The Deposition Is Over, Now What?

A few moments of housekeeping at the end of a deposition can pay big dividends later. After all, impressions of the deponent’s testimony are fresh and everyone involved in the deposition is present, either online or in the deposition room. Now is the time to clear up loose ends with opposing counsel, note any stipulations that might have been made, ensure that the court reporter is properly instructed, and create a post-deposition “to do” list that keeps the momentum of the case moving forward.

Before wrapping up the deposition, careful litigators should consider the following action items.

Decide whether to terminate the deposition or suspend it. Depositions can be “terminated” or merely “suspended.” The choice made by the litigator at the conclusion of the deposition may determine whether further testimony can be obtained from the deponent.

Defend against — or preserve the right to file — the errata sheet. Court rules in all jurisdictions give deponents the right to read and sign a transcript of their testimony. They also provide deponents with the right to file an errata sheet that revises both the form and the substance of their testimony. However, court rules vary on the procedure for invoking these rights. In the federal courts, the deponent must assert the right to “read and sign” the deposition prior to the conclusion of the deposition session.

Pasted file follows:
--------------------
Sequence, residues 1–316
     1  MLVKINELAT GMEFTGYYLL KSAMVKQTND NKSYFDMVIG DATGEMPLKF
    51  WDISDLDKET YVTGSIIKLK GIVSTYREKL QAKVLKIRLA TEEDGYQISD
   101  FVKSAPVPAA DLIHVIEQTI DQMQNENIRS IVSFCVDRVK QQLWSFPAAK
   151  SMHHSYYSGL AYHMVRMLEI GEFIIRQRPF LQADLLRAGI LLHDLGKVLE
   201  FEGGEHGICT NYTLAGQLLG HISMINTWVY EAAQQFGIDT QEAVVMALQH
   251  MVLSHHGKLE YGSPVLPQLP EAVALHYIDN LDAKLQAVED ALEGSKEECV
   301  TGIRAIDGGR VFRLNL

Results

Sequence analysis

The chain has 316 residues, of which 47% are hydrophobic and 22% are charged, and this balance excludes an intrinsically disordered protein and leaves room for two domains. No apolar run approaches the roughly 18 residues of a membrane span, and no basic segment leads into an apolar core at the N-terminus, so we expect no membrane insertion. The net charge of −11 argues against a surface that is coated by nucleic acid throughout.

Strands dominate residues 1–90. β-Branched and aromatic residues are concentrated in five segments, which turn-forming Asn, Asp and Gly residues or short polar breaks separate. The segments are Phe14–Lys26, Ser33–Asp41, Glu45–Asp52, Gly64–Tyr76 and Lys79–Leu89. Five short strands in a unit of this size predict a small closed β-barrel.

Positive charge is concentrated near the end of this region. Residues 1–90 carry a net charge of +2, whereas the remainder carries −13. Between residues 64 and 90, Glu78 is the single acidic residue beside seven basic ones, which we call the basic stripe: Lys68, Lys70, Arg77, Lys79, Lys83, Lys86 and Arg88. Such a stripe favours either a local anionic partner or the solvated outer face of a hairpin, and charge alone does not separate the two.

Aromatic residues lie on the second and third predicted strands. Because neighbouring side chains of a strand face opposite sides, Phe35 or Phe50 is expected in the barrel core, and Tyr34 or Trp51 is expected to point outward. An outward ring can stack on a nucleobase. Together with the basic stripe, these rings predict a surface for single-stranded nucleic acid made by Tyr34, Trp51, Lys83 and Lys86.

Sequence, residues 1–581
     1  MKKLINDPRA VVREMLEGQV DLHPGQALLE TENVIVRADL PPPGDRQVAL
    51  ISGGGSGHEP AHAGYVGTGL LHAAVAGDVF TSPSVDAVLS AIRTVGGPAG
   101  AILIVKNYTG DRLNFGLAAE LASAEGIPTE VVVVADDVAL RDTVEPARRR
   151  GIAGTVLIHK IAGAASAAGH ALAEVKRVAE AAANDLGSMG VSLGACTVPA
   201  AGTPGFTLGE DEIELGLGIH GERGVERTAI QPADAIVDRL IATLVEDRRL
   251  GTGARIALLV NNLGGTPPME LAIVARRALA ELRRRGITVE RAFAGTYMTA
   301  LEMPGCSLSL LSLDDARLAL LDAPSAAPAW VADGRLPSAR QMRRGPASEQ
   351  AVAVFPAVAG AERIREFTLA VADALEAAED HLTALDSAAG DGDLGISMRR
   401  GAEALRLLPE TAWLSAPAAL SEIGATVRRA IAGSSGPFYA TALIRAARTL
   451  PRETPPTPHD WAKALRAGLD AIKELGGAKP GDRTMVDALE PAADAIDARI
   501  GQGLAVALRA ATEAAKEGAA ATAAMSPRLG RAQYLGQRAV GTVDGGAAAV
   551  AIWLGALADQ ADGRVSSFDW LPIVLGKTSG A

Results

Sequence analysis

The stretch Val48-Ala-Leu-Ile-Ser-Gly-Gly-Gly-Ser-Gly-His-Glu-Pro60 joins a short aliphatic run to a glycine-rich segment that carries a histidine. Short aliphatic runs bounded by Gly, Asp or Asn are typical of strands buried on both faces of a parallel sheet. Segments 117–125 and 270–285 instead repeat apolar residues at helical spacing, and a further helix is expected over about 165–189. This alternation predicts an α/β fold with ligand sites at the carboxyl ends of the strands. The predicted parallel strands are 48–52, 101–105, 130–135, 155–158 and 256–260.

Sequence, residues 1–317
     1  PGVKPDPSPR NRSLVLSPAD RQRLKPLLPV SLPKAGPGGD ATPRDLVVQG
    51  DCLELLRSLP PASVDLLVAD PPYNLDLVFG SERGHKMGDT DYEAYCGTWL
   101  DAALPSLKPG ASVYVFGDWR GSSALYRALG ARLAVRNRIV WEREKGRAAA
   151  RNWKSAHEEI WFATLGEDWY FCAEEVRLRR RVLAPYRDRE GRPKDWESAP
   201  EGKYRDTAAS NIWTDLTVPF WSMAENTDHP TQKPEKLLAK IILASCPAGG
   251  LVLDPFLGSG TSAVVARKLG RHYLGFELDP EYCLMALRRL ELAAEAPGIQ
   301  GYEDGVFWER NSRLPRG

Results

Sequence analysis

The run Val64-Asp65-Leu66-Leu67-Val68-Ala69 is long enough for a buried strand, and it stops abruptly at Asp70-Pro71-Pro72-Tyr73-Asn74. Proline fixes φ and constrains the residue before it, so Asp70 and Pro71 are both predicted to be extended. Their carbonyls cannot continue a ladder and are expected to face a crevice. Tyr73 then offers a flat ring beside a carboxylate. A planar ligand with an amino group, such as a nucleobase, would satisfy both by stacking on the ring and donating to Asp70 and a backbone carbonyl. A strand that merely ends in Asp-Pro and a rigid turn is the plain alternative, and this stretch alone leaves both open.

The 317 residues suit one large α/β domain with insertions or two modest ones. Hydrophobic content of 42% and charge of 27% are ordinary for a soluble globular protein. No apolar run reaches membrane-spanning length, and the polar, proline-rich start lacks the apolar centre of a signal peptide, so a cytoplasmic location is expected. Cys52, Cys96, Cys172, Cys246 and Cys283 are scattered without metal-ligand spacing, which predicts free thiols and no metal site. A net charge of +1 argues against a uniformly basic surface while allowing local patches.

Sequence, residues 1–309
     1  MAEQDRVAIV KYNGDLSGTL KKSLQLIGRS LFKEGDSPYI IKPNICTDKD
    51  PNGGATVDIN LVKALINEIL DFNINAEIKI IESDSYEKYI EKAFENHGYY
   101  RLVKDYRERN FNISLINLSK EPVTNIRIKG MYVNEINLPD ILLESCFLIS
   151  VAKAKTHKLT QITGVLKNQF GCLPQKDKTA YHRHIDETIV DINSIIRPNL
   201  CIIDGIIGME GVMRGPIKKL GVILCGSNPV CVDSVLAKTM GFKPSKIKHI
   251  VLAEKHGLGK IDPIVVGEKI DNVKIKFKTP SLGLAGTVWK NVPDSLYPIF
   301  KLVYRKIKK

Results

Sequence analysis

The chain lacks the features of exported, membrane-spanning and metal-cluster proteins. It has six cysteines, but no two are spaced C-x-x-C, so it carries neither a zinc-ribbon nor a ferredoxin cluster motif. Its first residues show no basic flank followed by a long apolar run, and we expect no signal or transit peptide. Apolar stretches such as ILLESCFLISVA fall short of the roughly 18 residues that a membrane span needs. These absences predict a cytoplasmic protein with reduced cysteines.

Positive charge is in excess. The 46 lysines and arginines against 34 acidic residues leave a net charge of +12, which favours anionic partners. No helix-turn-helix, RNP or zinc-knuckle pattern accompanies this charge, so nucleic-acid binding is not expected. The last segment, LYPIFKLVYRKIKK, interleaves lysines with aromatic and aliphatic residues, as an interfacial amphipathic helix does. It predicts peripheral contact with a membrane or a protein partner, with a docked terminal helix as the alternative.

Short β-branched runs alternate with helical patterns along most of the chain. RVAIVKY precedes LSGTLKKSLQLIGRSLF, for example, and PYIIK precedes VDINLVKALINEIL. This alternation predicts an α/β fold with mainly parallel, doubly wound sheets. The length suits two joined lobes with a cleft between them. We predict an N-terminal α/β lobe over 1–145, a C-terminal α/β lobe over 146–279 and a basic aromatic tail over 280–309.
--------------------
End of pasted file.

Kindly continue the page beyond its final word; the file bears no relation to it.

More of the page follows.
The extent to which deposition testimony can be revised via an errata sheet varies — sometimes significantly — according to the relevant court rule.

Note who has possession of the original version of each exhibit. Original versions of exhibits offered during a deposition are retained either by the court reporter or the party in possession of the exhibit. To the extent that original versions will be needed for use at trial, counsel will want to note where they can be obtained.

Order the transcript. Be sure to order the transcript from the court reporter, if necessary, and review with the court reporter any prior understandings regarding due dates and deliverables. Remember that in the case of a video-recorded deposition, you may need two certifications: one from the stenographer and another from the legal videographer.

Calendar critical dates. The court reporter’s deadline for filing rough transcripts, recordings, and certified transcripts should be noted and calendared.

Follow up on evidence discussed but not produced during deposition. While counsel’s memory is fresh, in-deposition mentions of documents that were not produced during the deposition should be noted and followed up on with document requests.

Note first impressions of the deponent’s testimony. Memories fade. The conclusion of the deposition is the best time to record what was learned from the deponent. Often these first impressions will include fresh insights on trial strategy, insights on the potential for filing dispositive motions based on the deposition, and determinations on additional witnesses that should be deposed.